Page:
"The Word was with God"

The word "Logos," in its theological meaning, is defined by Webster as follows: "The Word (that is, the actively expressed, creative, and revelatory thought and will) of God, at once distinguished from and identified with him." It evidently was used in that sense in the prologue to the fourth Gospel, which reads, in the Authorized Version, "In the beginning was the Word, and the Word was with God, and the Word was God." However, in a translation by James Moffatt of the verse under consideration, the last phrase is rendered, "The Logos was divine." Likewise, Strong's Greek Dictionary of the New Testament defines Logos, in part, as follows: "The Divine Expression (i.e. Christ)." These citations appear to agree with references made to "the Word" by Mary Baker Eddy in "Science and Health with Key to the Scriptures" and in some of her other writings.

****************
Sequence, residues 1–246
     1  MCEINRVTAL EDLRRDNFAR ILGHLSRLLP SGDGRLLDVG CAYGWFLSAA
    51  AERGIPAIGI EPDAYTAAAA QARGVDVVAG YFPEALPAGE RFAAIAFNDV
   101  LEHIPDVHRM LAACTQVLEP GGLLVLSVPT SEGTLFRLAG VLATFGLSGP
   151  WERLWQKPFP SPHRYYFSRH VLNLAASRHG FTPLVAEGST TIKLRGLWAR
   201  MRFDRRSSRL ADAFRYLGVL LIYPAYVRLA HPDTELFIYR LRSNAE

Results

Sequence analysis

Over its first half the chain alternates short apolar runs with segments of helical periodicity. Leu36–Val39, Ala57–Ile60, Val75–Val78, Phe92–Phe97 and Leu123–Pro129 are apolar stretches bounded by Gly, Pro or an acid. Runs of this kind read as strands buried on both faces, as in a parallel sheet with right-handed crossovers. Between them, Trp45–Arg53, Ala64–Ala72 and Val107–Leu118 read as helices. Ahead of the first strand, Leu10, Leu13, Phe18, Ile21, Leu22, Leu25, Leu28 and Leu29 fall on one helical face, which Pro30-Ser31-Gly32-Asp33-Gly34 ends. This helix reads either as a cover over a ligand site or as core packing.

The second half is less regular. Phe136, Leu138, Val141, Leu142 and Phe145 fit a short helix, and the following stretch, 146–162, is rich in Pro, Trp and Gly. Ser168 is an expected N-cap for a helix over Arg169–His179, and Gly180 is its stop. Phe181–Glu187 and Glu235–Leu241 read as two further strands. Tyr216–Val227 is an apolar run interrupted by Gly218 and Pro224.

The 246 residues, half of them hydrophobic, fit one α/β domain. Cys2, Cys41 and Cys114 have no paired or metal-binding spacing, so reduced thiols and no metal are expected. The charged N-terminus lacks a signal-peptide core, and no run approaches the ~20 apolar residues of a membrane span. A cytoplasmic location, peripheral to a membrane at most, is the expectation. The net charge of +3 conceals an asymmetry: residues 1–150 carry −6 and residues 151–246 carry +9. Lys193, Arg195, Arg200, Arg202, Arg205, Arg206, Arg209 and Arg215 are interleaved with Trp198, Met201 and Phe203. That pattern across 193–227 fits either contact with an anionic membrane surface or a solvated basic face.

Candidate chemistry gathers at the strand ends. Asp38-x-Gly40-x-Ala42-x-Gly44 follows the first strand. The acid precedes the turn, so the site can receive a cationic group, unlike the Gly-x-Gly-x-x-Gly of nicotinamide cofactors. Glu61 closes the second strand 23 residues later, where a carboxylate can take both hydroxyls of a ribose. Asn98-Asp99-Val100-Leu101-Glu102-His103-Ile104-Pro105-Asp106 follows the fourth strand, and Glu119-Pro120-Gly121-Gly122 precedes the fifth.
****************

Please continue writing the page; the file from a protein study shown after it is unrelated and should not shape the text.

In the first epistle of John we find these words: "For there are three that bear record in heaven, the Father, the Word, and the Holy Ghost: and these three are one." This passage agrees with what Mrs. Eddy says on page 331 of Science and Health: "Life, Truth, and Love constitute the triune Person called God,—that is, the triply divine Principle, Love. They represent a trinity in unity, three in one,—the same in essence, though multiform in office: God the Father-Mother; Christ the spiritual idea of sonship; divine Science or the Holy Comforter."

March 20, 1937

We'd love to hear from you!

Easily submit your testimonies, articles, and poems online.